PERFORMANCE IMPROVEMENT IN SINGLE-STAGE AND MULTIPLE-STAGE SHUFFLE-EXCHANGE NETWORKS
Doctor of Philosophy thesis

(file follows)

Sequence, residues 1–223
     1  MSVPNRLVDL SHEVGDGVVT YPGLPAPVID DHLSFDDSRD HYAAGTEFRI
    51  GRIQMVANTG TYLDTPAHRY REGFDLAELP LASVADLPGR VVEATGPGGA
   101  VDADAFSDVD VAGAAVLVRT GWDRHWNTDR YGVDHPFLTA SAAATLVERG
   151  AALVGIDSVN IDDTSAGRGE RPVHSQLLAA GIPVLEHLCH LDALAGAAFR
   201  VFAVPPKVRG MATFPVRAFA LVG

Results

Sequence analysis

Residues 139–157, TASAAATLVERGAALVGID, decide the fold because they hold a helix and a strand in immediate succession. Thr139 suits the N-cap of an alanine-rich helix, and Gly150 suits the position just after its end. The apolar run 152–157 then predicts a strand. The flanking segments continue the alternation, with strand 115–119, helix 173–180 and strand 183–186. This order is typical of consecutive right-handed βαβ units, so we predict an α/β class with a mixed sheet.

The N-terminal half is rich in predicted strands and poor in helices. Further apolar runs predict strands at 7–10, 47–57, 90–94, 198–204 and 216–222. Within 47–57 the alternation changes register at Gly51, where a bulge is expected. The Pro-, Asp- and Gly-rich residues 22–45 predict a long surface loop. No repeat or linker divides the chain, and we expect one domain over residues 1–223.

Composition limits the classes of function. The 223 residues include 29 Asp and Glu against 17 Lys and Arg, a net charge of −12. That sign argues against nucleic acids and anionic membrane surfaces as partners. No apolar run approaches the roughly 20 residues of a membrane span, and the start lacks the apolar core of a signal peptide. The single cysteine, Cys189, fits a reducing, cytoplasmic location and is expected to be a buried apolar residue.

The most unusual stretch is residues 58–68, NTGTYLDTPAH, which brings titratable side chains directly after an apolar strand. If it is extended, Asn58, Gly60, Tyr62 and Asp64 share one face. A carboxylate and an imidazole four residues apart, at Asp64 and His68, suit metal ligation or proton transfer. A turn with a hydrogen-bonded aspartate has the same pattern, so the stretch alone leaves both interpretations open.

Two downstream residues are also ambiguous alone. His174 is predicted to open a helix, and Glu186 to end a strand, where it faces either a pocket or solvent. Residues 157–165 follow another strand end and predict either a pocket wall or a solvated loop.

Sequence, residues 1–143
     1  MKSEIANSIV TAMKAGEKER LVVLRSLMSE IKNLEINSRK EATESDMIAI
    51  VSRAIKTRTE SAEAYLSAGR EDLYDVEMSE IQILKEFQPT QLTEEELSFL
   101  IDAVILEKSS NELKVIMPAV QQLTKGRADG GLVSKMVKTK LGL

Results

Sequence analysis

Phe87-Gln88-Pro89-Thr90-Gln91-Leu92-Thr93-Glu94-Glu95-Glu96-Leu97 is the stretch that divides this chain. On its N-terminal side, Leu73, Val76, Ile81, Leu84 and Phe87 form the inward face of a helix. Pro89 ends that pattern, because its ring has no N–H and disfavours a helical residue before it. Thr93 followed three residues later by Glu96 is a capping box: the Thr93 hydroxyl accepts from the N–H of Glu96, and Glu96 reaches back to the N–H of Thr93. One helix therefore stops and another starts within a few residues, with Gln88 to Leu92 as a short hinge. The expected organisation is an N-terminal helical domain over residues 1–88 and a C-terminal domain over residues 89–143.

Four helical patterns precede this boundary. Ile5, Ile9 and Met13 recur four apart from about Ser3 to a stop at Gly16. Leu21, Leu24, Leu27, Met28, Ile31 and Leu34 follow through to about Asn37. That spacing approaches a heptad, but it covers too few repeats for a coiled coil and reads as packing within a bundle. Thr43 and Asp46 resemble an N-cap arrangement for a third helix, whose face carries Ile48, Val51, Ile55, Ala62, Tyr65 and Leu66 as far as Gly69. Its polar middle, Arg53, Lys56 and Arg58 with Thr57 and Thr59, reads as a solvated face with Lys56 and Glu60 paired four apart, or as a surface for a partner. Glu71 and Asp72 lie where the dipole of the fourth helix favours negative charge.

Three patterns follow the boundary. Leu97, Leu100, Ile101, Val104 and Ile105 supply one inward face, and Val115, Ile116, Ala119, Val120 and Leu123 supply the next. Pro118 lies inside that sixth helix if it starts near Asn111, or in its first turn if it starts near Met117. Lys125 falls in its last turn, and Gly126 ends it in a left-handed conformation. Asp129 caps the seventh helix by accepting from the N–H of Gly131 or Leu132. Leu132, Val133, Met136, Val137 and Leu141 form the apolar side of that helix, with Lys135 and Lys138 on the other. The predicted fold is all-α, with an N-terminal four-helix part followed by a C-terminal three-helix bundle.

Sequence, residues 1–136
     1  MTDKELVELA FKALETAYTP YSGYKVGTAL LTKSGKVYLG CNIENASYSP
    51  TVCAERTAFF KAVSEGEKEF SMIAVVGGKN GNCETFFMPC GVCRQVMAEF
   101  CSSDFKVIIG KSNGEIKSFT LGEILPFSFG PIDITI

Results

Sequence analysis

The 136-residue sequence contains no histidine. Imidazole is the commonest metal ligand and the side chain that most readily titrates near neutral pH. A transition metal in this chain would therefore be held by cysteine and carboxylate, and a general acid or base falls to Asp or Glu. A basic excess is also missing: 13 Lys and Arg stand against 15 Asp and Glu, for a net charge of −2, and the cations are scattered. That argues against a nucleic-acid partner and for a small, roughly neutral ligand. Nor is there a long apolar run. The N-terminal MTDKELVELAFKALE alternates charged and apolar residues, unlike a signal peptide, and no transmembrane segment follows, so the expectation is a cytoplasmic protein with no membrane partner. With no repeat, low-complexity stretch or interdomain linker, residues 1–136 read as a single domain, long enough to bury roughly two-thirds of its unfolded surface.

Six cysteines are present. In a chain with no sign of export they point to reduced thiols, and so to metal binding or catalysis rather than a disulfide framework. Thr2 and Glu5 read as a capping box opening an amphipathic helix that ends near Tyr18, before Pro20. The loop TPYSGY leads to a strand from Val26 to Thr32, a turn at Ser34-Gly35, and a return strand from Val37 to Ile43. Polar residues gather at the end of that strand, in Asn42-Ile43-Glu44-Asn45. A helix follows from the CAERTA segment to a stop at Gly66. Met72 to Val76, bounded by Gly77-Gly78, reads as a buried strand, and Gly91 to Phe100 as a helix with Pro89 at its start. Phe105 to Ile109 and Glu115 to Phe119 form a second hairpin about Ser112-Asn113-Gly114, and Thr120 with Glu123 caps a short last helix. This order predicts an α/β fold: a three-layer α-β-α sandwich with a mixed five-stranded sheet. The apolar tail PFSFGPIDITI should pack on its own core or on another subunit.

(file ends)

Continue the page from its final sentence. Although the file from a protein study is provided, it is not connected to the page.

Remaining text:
An N x N delta network, constructed from B x B crossbar switches, consists of (log(,2)N)/(log(,2)B) stages with N/B switches in each stage (N and B are integer powers of 2). The outputs of the switches in each stage, except the last, are connected to the inputs of the switches in the next stage by the Perfect Shuffle connection or one of its variants. When two or more packets arriving at different inputs of the switch must be forwarded to the same output, only one of these packets is forwarded and the rest are blocked. In buffered delta networks each switch has finite capacity buffers to store the blocked packets. Switches of unbuffered delta networks have no buffers and blocked packets are lost. In a single-stage shuffle-exchange network, a single stage of switches performs the function of all the stages of a delta network by using feedback paths provided from the outputs of this stage back to its inputs. The throughput of unbuffered delta networks is known to be the solution of a quadratic recurrence relation. Fairly tight lower and upper bounds on the solution of this recurrence relation are derived in this thesis. These bounds have a simple functional form. Throughput of unbuffered delta networks can be improved either by replacing each link of the simple delta networks by parallel links, or by combining multiple delta subnetworks in parallel. The improvements in performance obtained by these modifications are compared. The throughput of networks with four parallel links is almost equal to the throughput of crossbars. These modifications can also be applied to buffered delta networks to increase their throughput. It is shown that the throughput of buffered delta networks can also be increased substantially by modifying the structure and operation of their crossbar switches. The use of parallel links for each switch connection results in the highest throughput improvement. Three new switch structures are proposed for single-stage shuffle-exchange networks. These switches use extra buffers to enhance performance and avoid the possibility of deadlocks.